The world is a much smaller place in the 21st century and we need to take responsibility for all threats to our global ecosystem like this unacceptable and unnatural massacre of hundreds of thousands of Amur falcons. We need to act as a global community of Earth citizens…


Our responsibility as Earth citizens…

It our responsibility as a global community of Earth’s citizens to reach out to those who do not have the opportunities we have for reflection on the changes happening around us, on the imminent threat to species survival in our forests, at our poles, in our oceans, and across landscapes. Credit crunch or not, housing boom or bust, we need to tighten our belts, live with less and give more. I am not necessarily talking about donating money, I am talking about investing your mind power and energy in a new future. We do not need to riot or burn things. We need to act for the good of each other and break the cycle of mistrust that fuels the current destruction of our planet. Think about other people, about climate change, about endangered species, about dying coral reefs… Live a mindful life that recognizes the impact of your decisions and actions.


PLEASE SHARE this blog with your friends and MOST IMPORTANTLY share your thoughts and ideas in the comments section below. We need to discuss this to find a workable solution in increasingly desperate times…


Please support Conservation India in their work to end this horrific slaughter of one of the most amazing falcons on earth:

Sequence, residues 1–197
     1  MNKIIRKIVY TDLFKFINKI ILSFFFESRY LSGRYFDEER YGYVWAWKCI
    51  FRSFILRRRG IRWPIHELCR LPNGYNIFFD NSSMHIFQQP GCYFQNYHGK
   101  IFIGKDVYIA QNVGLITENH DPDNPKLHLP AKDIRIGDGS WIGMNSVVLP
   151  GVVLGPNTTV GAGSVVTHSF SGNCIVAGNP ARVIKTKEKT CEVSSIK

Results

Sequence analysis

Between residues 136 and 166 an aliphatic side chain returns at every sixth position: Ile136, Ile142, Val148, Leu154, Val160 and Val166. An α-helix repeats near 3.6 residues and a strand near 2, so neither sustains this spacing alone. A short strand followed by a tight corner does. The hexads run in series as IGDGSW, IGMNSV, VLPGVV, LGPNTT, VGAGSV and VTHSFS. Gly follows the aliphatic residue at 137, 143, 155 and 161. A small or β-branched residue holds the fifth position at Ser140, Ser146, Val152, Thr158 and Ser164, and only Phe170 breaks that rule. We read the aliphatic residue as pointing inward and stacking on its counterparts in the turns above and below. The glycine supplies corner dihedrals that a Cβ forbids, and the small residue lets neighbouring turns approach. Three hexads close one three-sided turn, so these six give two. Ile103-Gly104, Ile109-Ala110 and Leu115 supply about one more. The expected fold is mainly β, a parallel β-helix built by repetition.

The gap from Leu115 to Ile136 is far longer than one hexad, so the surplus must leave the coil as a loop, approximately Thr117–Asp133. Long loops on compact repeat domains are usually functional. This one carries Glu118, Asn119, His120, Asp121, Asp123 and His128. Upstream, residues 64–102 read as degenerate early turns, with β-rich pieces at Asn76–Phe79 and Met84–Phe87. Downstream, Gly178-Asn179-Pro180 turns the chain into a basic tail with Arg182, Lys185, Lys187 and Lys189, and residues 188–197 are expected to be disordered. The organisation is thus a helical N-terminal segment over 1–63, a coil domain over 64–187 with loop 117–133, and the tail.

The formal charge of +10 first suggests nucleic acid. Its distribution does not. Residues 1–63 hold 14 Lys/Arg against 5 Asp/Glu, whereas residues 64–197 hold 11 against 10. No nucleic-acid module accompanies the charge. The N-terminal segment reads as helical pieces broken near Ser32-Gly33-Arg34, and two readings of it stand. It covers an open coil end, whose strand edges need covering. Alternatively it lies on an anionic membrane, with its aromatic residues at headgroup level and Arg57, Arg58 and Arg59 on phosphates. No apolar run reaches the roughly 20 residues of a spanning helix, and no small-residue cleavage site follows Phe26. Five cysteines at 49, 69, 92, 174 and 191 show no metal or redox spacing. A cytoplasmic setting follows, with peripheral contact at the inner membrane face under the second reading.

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Meet the Author

Author Photo Steve Boyes
Steve Boyes has dedicated his life to conserving Africa's wilderness areas and the species that depend upon them. After having worked as a camp manager and wilderness guide in the Okavango Delta and doing his PhD field work on the little-known Meyer's Parrot, Steve took up a position as a Centre of Excellence Postdoctoral Fellow at the Percy FitzPatrick Institute of African Ornithology. He has since been appointed the Scientific Director of the Wild Bird Trust and is a 2014 TED Fellow. His work takes him all over Africa, but his day-to-day activities are committed to South Africa's endemic and Critically Endangered Cape Parrot (Poicephalus robustus). Based in Hogsback Village in the Eastern Cape (South Africa), Steve runs the Cape Parrot Project, which aims to stimulate positive change for the species through high-quality research and community-based conservation action. When not in Hogsback, Steve can be found in the Okavango Delta where he explores remote areas of this wetland wilderness on "mokoros" or dug-out canoes to study endangered bird species in areas that are otherwise inaccessible. Steve is a 2013 National Geographic Emerging Explorer for his work in the Okavango Delta and on the Cape Parrot Project.